The color palette, consisting of light and dark gray, also created an essential timeless aesthetic. This is important for hospital floors, which must be designed to last for at least 20 years to avoid premature logistical interruptions that make it difficult for the facility to function. Certain departments offered more creative freedom, such as the labor and delivery rooms, which used Gerflor’s Taralay Impression’s wood-look product to create a more upscale environment. In addition to its design, its backing provided sound management properties and comfort under foot.
All flooring selections throughout CHUM were required to be smooth and impervious while providing seamless material transitions to subdue noise from room and corridor movements, such as moving equipment throughout the hospital wings.
Flooring wasn’t the only seamless material utilized in the facility. Gerflor also provided a wall solution that seals flooring to the wall through coving and heat welding. As this was the first North American product that utilized this solution, Gerflor put the product through rigorous testing to ensure it met all of the project’s code requirements. The result was a smooth, non-intrusive floor-to-wall design, eliminating all gaps to provide easy maintenance and reduce the risk of contamination.
CREATING SOMETHING MEANINGFUL
Designed as the central hub of Quartier de la Santé, Montreal’s new healthcare district, the CHUM facility has fueled the revitalization of Montreal’s urban living. The new CHUM was 20 years in the making. The three supplanted buildings-Hôpital Hotel Dieu of Montréal, Hôpital Notre-Dame and Saint-Luc Hospital-were founded in 1659, 1880 and 1908, respectively. That’s more than 600 years of outdated architecture that provided residents little economic value.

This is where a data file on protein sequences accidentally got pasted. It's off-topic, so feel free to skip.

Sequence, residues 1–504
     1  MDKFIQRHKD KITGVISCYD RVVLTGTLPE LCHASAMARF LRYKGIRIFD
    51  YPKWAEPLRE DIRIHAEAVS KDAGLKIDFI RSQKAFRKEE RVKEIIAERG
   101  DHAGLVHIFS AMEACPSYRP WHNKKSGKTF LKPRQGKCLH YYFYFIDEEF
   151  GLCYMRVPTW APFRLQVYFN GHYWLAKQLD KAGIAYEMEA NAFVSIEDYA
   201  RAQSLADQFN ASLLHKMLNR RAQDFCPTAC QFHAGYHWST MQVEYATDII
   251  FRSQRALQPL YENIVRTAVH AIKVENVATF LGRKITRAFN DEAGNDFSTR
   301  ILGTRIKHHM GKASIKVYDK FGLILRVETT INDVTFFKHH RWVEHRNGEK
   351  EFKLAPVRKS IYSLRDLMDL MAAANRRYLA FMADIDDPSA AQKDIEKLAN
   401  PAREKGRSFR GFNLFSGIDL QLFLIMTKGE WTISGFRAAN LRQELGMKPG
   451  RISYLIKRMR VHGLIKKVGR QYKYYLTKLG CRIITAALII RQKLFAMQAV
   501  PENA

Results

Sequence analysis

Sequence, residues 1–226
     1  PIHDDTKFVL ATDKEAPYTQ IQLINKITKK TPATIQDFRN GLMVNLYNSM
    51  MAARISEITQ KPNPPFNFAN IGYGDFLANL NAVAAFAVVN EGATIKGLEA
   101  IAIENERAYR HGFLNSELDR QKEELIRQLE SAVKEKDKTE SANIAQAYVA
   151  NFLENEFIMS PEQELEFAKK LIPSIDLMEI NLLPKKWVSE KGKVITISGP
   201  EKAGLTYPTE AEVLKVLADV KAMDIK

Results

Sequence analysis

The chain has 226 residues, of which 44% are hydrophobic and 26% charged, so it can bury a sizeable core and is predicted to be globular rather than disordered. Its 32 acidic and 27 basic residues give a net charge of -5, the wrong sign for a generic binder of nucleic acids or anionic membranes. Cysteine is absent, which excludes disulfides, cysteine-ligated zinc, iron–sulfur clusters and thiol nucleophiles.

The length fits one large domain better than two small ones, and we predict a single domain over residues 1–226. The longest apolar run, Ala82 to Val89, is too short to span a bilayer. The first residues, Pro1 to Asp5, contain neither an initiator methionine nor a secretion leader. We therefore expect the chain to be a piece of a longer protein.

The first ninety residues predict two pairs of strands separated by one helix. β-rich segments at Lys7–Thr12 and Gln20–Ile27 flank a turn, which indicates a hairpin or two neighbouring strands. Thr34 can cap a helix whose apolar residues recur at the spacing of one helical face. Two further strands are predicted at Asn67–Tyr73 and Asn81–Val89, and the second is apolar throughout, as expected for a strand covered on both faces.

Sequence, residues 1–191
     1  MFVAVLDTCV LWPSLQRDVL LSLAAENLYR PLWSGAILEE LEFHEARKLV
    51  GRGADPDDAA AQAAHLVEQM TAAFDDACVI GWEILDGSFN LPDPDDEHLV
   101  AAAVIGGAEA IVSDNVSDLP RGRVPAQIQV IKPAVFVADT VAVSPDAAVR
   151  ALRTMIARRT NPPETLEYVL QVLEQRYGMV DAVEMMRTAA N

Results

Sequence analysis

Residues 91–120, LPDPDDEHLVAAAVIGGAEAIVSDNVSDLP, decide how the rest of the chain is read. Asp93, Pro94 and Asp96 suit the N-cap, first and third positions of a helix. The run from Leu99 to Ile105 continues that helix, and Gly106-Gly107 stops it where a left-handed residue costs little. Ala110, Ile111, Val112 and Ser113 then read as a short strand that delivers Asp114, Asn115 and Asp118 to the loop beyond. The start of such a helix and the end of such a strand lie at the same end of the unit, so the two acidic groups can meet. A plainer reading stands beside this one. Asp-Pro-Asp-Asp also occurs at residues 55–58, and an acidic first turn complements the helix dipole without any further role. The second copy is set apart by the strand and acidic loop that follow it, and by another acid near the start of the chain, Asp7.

The design firms were excited for the opportunity to create something meaningful for the city of Montreal. Updating infrastructure is often a domino effect, and the creation of this beautiful new facility was critical for inspiring new city projects. In addition, new hospitals encourage and attract new healthcare talent, solidifying Montreal as a health and science hub of excellence.
LOOKING AHEAD: COMPLETION IN 2021
Phase I, completed in the fall of 2017, introduced the hospital and ambulatory building. Its modular design, repetition, standardization and co-located services yielded high staff efficiency, while also reducing errors and providing the greatest value in construction and maintenance. It provides 772 single-bed patient rooms designed to accommodate family members and aid in the recovery process, many of which overlook expansive healing gardens-with patterns designed to emulate local medicinal plants-and some of the best views Montreal has to offer.
To date, the response from both the local and design communities has been tremendous. CHUM has received numerous awards, including the 2017 Interior Design Shining Moment Award, the 2017 American Architecture Prize for Healthcare, and the 2017 International Academy for Design & Health’s Future Healthcare Built Environment Award. Phase II, which will be completed in 2021, includes a 500-seat auditorium and office building.